Tuesday, January 17, 2006

Becoming the Hang Out House

What does it take to become the "hang out" house - the place where teens choose to gather and spend their free time? I want to know, out of selfish interest.

As son number one grows older and taller each day, I see before my eyes his transition to independence, to a phase where his time with his friends is becoming ever more important. I'm lucky - he is a wonderful young man, devoted to his brother and willing to spend time with Mom and Dad.

But I want to be prepared to entice him, and his buddies, to know that our home is always open to them and that we want them here. Even more than my selfish interest to know that he's safe and secure, I enjoy my son and his friends.

Last night, the gang was over for another band practice. The school talent show at the end of this month is quickly approaching and they need to tweak their "act". They've been practicing in the garage for the past few weeks, but our concern for our neighbors' ears prompted us to move them inside last night.

My hulking, and all too infrequently used, dining room furniture was moved up against the wall. The room became home to three guitars, a keyboard, a drum set, a sax and a rambunctious lead singer. The walls reverberated with the classic rock song they'll be performing. Max the Hamster and Matlock the cat ran for cover, as did their owner, Son Number Two.

But me? I was happy to hear that noise, happy to feed them burgers and hot dogs my husband Greg grilled up, and to watch them devour a big package of store-bought cookies before dinner had been served. Having them here is a pleasure - they smile, offer polite thanks, and engage in civil conversations. They may play loudly, but I've known most of them since kindergarten and am thrilled to watch them develop into young men.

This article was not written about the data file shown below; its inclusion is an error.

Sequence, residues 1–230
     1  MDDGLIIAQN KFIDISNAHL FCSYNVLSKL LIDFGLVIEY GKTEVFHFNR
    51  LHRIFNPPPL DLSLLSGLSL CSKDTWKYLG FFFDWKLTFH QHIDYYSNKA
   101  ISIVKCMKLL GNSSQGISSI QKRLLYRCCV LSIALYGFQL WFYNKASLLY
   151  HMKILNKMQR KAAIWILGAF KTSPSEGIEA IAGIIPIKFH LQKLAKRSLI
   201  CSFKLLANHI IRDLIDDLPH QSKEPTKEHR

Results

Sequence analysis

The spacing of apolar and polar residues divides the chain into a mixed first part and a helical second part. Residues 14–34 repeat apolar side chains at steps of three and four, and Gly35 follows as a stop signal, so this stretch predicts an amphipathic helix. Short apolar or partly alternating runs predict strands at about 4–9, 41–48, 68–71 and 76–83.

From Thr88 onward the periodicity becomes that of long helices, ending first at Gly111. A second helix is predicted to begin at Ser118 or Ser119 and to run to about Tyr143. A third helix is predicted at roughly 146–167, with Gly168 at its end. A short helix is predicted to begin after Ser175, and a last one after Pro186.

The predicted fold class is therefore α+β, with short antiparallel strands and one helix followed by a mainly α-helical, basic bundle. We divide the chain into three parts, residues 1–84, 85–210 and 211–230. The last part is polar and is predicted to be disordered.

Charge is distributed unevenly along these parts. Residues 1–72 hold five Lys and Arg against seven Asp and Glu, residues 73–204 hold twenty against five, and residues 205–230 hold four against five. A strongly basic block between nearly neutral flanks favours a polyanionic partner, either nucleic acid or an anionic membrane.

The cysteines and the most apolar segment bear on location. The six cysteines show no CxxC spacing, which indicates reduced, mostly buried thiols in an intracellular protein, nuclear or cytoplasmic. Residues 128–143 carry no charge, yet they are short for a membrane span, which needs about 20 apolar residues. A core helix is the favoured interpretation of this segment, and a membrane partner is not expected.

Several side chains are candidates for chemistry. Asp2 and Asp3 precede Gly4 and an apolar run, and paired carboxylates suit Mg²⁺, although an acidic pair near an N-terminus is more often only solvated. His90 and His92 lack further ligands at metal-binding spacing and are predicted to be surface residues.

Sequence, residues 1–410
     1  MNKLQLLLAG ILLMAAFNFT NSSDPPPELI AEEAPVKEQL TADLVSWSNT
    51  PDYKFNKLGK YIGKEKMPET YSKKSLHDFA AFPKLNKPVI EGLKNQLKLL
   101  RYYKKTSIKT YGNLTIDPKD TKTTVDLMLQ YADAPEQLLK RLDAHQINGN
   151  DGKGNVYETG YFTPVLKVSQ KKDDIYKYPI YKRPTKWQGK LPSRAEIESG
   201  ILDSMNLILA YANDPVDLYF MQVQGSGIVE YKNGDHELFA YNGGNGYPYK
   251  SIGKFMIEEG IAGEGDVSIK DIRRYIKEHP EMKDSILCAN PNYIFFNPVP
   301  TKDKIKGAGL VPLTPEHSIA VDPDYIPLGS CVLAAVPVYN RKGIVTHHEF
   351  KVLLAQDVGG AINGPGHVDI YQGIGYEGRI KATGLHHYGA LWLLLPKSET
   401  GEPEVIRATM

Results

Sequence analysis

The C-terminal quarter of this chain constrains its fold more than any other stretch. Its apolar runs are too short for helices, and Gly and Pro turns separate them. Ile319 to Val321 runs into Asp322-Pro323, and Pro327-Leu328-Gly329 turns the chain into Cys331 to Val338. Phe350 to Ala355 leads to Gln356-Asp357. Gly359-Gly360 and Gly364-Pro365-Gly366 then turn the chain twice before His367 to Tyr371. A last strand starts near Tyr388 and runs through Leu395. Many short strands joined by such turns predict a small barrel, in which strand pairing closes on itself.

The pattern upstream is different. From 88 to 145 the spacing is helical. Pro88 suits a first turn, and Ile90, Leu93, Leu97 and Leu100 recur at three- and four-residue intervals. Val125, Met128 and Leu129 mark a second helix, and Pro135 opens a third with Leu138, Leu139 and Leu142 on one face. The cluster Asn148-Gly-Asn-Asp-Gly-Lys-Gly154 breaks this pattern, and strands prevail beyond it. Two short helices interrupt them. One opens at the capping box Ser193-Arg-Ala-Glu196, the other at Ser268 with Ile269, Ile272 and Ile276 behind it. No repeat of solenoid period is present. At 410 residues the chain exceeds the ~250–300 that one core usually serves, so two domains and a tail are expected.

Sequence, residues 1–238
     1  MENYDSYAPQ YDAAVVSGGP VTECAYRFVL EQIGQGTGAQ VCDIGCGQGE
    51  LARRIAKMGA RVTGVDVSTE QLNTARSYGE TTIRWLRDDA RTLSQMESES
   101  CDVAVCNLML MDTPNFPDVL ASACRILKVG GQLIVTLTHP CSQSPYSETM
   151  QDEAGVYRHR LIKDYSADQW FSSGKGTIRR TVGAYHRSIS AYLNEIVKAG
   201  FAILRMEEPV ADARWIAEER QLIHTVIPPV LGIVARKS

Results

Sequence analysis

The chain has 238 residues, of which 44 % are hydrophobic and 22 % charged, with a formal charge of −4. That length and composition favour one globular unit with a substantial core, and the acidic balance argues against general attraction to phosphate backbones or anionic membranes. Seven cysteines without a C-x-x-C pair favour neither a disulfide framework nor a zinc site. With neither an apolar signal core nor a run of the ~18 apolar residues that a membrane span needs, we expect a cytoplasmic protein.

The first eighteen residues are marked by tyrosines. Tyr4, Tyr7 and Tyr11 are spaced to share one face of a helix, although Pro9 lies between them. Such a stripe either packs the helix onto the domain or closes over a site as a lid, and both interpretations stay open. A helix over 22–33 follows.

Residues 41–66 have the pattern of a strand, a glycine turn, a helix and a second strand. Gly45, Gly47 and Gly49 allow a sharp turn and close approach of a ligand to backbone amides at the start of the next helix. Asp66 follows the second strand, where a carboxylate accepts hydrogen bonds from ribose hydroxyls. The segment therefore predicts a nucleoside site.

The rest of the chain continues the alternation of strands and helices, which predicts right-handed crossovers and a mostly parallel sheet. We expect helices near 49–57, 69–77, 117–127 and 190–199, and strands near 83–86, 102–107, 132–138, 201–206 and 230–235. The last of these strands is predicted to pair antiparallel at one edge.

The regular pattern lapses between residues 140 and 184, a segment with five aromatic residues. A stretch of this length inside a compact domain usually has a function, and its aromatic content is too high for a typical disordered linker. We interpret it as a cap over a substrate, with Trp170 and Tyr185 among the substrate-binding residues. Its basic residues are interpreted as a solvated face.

Becoming the "hang out" house is going to take some effort on our part - negotiations are currently under way to transform my dining room into a "music room" (with guitarist dad leading the planning) and I'm going to need to keep a stock of frozen pizzas and soft drinks on hand at all times. But that's a small price to pay for the reward of watching my son become a young man before my very eyes.


Anonymous said...

Doors for the dinning room...and maybe some "padding" for the walls...put the table in the great room and move the game tables to the outside room...sounds like some FUN projects for Greg...

Cami said...

The old -- and let me stress OLD -- house we live in had one of those rooms for eating in...what were they called? Oh, yes: "Dining Rooms." Of course, if we had known this, maybe...nah. It's our study/music room. Works great. I highly recommend it. ;)

Anonymous said...

You will not regret giving of yourself and your home to share with your son and his friends. Many youth are adrift on a sea of confusion. You have a golden opportunity to be an anchor in their lives with an unseen ripple effect. May you and all of us do this well.
God bless you and those you love!

Janinine Skisses said...

I'm a mother of 5; 4 sons, 1 daughter ages 24,22,19,15,14. Our hang out house just happened naturally. I was a stay at home mom, homeschooling and all the kids came over especially during the summers.

You just need to provide, the space, food, drinks, and loving support. We spoke the truth to them, yet we listened also. And the young respected us for that.

Let me tell you it was not easy. Yet it was right. Today my trials are different. Best wishes to you.